Rep. Devin Nunes, the Tu­lare Repub­li­can who leads the House Se­lect In­tel­li­gence Com­mit­tee, was also given a top spot. He could be a key bridge for Trump and the in­tel­li­gence com­mu­nity, which has been re­luc­tant to rally be­hind Trump.

Trump’s chil­dren and son-in-law, Jared Kush­ner, who guided him through­out the cam­paign, ap­pear to have re­tained their in­flu­ence in an of­fi­cial ca­pac­ity. Kush­ner’s pres­ence at the White House on Thurs­day drew no­tice from Obama’s staff when he asked, as they toured the West Wing, how many of the in­di­vid­u­als there would re­main into the next ad­min­is­tra­tion. Nearly all will de­part along with the pres­i­dent.

Brief­ing re­porters Fri­day about the pres­i­dent’s trip next week to Greece, Ger­many and Peru, Ben Rhodes, Obama’s deputy na­tional se­cu­rity ad­viser, re­peat­edly re­ferred to the im­per­a­tive of fully ed­u­cat­ing the in­com­ing ad­min­is­tra­tion.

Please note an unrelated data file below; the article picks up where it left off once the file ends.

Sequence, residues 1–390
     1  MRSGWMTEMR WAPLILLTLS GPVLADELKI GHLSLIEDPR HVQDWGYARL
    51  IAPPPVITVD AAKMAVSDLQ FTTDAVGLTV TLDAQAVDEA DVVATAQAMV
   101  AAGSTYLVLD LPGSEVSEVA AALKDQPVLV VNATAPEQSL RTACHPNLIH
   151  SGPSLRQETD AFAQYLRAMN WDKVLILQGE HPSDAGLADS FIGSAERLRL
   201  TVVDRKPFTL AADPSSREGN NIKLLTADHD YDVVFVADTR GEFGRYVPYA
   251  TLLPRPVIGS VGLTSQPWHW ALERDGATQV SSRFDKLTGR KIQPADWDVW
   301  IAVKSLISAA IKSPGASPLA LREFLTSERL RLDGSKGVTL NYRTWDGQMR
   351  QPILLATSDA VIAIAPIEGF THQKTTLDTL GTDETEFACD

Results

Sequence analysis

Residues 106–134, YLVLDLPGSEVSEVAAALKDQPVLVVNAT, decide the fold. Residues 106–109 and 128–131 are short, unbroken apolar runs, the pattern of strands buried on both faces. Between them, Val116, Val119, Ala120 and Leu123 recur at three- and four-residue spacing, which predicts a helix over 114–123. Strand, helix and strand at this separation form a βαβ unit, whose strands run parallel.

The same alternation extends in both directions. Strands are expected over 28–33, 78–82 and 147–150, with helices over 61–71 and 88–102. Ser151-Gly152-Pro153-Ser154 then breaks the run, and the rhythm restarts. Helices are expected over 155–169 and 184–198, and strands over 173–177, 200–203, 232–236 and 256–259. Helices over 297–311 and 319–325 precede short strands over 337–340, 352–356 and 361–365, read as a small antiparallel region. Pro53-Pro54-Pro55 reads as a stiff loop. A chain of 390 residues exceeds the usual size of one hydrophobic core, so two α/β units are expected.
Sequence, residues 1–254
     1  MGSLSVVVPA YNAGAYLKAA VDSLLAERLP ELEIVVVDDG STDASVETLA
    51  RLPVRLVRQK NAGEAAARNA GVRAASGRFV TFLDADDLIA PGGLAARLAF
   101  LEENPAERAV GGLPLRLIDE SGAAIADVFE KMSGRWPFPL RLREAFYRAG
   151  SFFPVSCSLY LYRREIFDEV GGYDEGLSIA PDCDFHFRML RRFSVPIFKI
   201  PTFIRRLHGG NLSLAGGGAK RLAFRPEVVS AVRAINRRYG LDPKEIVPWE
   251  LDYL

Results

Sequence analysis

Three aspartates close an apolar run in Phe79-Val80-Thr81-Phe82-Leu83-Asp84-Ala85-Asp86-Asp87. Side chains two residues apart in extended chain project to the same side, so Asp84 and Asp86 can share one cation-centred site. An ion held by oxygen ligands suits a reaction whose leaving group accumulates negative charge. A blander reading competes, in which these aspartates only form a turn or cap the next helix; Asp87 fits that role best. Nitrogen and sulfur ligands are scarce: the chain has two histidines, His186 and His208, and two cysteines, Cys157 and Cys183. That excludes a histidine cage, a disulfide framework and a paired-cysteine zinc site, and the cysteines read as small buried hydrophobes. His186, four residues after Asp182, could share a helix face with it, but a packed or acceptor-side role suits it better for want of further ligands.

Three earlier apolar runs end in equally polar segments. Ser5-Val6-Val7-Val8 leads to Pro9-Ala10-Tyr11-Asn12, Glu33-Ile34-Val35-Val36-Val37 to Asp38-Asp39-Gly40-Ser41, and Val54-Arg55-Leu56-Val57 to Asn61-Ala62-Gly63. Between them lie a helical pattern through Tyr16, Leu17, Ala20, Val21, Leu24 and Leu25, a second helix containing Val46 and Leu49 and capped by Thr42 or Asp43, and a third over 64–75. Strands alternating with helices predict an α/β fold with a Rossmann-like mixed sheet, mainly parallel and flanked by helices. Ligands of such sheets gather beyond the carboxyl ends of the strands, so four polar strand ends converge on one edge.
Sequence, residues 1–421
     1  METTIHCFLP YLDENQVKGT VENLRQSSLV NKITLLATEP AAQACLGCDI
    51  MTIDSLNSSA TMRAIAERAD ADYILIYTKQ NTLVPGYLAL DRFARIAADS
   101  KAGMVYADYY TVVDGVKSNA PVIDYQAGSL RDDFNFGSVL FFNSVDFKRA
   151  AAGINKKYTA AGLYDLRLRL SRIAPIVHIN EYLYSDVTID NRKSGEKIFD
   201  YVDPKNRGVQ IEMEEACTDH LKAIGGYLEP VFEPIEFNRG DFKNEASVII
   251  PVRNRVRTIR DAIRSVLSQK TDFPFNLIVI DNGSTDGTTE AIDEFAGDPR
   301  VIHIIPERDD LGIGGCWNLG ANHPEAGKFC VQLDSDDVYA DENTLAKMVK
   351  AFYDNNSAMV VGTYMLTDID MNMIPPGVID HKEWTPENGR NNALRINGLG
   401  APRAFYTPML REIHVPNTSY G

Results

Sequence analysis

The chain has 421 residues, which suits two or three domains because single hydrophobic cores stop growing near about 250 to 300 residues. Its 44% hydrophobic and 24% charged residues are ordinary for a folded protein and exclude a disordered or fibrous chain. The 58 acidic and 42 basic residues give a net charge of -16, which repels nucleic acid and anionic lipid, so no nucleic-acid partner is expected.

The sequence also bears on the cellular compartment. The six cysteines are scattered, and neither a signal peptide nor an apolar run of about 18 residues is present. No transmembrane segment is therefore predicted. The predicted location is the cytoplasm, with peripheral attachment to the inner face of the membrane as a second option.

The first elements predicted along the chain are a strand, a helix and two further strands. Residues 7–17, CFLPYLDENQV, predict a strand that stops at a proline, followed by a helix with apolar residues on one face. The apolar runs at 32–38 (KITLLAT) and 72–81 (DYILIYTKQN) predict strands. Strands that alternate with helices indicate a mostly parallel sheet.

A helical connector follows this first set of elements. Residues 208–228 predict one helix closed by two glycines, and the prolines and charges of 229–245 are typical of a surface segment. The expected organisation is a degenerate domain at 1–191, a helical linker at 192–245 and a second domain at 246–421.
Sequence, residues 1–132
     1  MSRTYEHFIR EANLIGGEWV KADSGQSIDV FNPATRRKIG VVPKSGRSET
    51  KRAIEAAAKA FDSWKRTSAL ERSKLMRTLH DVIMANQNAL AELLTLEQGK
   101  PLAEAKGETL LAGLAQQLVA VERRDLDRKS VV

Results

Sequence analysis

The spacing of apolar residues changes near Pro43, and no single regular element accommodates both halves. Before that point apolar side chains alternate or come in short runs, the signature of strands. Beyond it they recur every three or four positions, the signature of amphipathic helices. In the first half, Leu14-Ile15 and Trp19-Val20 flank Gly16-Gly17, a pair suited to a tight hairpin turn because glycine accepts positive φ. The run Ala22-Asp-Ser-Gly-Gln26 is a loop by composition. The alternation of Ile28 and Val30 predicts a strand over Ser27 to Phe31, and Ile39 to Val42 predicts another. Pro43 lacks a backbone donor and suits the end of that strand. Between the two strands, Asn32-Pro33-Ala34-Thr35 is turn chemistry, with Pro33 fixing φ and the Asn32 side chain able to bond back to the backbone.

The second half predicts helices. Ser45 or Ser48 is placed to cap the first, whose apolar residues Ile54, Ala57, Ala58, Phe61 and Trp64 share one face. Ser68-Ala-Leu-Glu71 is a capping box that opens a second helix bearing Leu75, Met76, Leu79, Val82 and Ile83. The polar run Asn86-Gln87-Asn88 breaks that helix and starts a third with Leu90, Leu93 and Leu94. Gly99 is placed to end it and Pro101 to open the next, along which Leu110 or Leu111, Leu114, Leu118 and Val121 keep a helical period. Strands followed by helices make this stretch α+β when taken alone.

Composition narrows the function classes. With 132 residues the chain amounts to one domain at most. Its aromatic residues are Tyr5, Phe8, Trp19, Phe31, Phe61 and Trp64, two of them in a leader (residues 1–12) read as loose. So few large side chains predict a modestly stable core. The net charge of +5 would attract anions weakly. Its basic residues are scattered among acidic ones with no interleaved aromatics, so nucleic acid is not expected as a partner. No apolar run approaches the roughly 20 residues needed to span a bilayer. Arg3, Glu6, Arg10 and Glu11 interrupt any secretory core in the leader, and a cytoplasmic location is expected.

“The main fo­cus of the con­ver­sa­tion [be­tween Trump and Obama] ... was de­ter­min­ing how to make the best use of this tran­si­tion pe­riod to fully brief up the pres­i­dent-elect and his team,” he said. “There’s a great deal of com­plex­ity.”

Trump’s spokes­peo­ple did not re­spond to calls and emails ask­ing about his prepa­ra­tion.

Pas­sages on Trump’s tran­si­tion web­site, GreatA­, were copied from the site of the Cen­ter for Pres­i­den­tial Tran­si­tion, a non­profit that had con­sulted with both cam­paigns about the tran­si­tion, Politico re­ported.

“It’s in ev­ery­body’s in­ter­est to have a good tran­si­tion,” said Martha Ku­mar, the direc­tor of the White House Tran­si­tion Pro­ject. “We’re liv­ing in a world of great vul­ner­a­bil­ity. You can’t af­ford to not pre­pare well.”